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The bill updates the definition of "sexual orientation" in Minnesota’s Human Rights Act. But this does not create a protected class for pedophilia.
Legal experts said laws prohibiting discrimination because of sexual orientation do not extend to child sex offenders, regardless of whether they are explicitly singled out.
An amendment was added to specify that child sex offenders are not protected under the state’s Human Rights Act.
Did the Minnesota House pass a bill that would make it illegal to discriminate against child rapists?
Gays Against Groomers, an organization of gay people who oppose the "sexualization, indoctrination and medicalization of children under the guise of ‘LGBTQIA+,’" claimed a proposed change in the Minnesota Statutes is part of an effort to "legalize pedophilia."
"BREAKING: A transgender representative in Minnesota has introduced a bill that will remove the exclusion of pedophiles from the protected class of ‘sexual orientation,’" the group tweeted April 26. "This means it will be illegal to discriminate against child rapists."
These claims are misleading.
Rep. Leigh Finke, D-St. Paul, who is transgender, wrote House File 1655, also called the "Take Pride Act." The bill creates a new definition for "gender identity" in the Minnesota Human Rights Act and makes it a violation to discriminate against people based on their gender identities in housing and education, for example.
The bill also removes a line on the existing definition of "sexual orientation" that says: "‘Sexual orientation’ does not include a physical or sexual attachment to children by an adult."
Gays Against Groomers argue this change would make it harder to discriminate against child sex offenders.
But legal experts we interviewed agreed that laws prohibiting discrimination because of sexual orientation do not protect pedophiles, regardless of whether the laws have that specific disclaimer.
Arthur Leonard, a New York Law School law professor who frequently speaks on sexual orientation law, told PolitiFact, "I am unaware of actual cases in which courts have interpreted bans on discrimination because of sexual orientation to protect ‘pedophiles’ from discrimination or from prosecution under criminal laws."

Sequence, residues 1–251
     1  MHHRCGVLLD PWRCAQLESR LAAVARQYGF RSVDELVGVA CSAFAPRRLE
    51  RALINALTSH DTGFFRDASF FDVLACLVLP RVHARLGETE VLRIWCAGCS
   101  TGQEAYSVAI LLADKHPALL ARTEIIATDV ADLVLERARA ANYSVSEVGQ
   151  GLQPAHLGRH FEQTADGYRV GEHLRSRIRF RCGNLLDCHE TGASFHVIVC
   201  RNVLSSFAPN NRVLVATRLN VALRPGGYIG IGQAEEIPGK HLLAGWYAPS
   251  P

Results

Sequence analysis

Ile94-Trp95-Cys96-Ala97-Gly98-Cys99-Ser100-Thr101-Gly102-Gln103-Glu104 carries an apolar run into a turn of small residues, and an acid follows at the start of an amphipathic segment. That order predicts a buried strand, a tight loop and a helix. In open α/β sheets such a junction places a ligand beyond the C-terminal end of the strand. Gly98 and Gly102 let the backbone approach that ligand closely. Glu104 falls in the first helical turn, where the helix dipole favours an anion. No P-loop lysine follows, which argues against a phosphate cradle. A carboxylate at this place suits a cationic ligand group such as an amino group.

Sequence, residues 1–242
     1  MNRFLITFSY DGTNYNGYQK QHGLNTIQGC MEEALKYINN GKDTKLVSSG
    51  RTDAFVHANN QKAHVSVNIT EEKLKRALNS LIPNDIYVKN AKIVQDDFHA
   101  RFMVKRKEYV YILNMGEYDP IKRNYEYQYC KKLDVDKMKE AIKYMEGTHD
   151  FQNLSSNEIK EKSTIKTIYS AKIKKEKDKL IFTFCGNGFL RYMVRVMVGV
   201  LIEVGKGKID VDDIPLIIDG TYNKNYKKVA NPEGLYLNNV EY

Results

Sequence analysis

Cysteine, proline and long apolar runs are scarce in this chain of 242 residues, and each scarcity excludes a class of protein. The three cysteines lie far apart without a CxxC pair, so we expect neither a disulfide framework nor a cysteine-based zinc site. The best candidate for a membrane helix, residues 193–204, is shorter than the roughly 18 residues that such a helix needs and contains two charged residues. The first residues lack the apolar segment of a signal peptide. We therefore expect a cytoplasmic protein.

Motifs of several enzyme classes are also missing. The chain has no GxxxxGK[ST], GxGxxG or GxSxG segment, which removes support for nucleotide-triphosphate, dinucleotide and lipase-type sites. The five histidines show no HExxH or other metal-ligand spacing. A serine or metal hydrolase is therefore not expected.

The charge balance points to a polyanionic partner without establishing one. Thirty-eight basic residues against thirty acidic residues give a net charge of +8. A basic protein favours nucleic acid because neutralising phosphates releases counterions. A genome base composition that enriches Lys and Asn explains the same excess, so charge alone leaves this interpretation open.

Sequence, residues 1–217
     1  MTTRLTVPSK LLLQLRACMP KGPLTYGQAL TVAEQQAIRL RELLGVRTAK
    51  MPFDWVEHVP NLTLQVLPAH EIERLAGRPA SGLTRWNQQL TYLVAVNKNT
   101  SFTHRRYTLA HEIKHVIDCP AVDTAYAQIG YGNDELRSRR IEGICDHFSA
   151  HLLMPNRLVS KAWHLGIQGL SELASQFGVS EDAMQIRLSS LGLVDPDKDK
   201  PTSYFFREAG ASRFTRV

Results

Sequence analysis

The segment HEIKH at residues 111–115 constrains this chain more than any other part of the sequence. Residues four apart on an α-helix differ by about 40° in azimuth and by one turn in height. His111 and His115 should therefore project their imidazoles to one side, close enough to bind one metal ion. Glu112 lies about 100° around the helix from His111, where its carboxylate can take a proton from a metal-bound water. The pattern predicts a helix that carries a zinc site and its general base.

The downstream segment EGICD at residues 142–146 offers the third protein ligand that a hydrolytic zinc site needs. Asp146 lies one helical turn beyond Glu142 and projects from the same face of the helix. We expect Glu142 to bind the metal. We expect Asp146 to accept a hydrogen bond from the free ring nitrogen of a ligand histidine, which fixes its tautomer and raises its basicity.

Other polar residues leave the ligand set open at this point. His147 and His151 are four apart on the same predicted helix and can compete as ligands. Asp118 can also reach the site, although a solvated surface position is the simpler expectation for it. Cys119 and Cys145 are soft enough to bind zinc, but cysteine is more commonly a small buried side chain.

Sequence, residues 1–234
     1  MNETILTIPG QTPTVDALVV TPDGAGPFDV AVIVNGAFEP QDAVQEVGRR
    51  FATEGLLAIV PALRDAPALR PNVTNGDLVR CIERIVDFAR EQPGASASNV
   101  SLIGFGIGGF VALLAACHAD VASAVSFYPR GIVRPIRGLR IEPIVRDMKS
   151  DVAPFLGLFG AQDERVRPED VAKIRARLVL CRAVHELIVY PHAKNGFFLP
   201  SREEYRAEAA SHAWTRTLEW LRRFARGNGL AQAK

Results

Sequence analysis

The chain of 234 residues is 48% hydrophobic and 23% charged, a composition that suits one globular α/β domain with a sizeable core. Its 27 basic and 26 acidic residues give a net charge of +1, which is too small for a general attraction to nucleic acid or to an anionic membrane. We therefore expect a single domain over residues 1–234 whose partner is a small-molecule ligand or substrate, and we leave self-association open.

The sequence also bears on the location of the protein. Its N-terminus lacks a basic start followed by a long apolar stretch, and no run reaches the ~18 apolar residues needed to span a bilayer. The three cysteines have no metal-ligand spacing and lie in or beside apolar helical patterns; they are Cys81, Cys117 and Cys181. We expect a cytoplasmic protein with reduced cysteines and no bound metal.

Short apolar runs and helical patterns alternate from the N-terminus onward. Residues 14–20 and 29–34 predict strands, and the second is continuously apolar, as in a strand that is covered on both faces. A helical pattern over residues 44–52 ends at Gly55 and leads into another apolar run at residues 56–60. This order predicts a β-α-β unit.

David B. Cruz, Newton Professor of Constitutional Law at the University of Southern California Gould School of Law, said it is generally accepted in legal contexts that the term "sexual" in "sexual orientation" refers to the sex or gender/s of people to whom someone is attracted.
"Textually, then, the phrase ‘sexual orientation’ does not require a disclaimer to rule out non-gender-based aspects of attraction," he said. "With nothing more, this makes it inconceivable that the proposed change to Minnesota law would affect the scope of the protections it affords."
Minnesota statutes already specify that sexual orientation is about having attachments to another person regardless of that person’s sex, not that person’s age, said Brian Soucek, a law professor at the University of California, Davis School of Law. "No court in the country has or would ever say that a law protecting people from discrimination based on their sexual orientation extends to protecting pedophilia."
The Take Pride Act was folded into a larger bill of civil law policy changes. State Rep. Jamie Becker-Finn addressed the changes April 26 on the House floor, acknowledging that the provision on sexual orientation has "gone off the rails a bit on social media."
"Nothing in the bill changes or weakens any of the crimes against children in our criminal statute, or the state’s ability to prosecute those who break the law. Of course pedophilia is not a protected class, is not a sexual orientation, which is why the language never should have been in the bill in the first place," Becker-Finn said.
In Minnesota, penetration with a person younger than 18 or sexual contact with a person younger than 14 could lead to a charge of first-degree criminal sexual conduct. It is punishable by up to 30 years of imprisonment, a fine of up to $40,000, or both.
To further ensure that child sex offenders would not be protected under the state’s Human Rights Act, Rep. Harry Niska, R-Ramsey, proposed adding language to the civil law policy bill saying, "The physical or sexual attachment to children by an adult is not a protected class under this chapter." The amendment was added to the bill, which the House passed April 26; the measure awaits a Senate vote.
We rate this claim False.
Tweet, April 26, 2023
The National Desk, Minnesota Dems strike language excluding pedophilia as protected category under discrimination laws, April 26, 2023
House File 1655, accessed April 28, 2023
Minnesota House Research, H.F. 1655 Bill Summary, March 8, 2023
2022 Minnesota Statutes, accessed April 28, 2023
MN House panel approves HF1655 3/8/23, March 8, 2023
House Floor Session – part 3 4/26/23, April 27, 2023
Minnesota House Research, H.F. 447 Bill Summary, March 28, 2023
Minnesota House, Journal of the House, April 26, 2023
Email interview, Arthur Leonard, professor of law at the New York Law School, May 2, 2023
Email interview, David Cruz, Newton Professor of Constitutional Law at the University of Southern California Gould School of Law, May 2, 2023
Email interview, Brian Soucek, professor of law at University of California Davis School of Law, May 2, 2023
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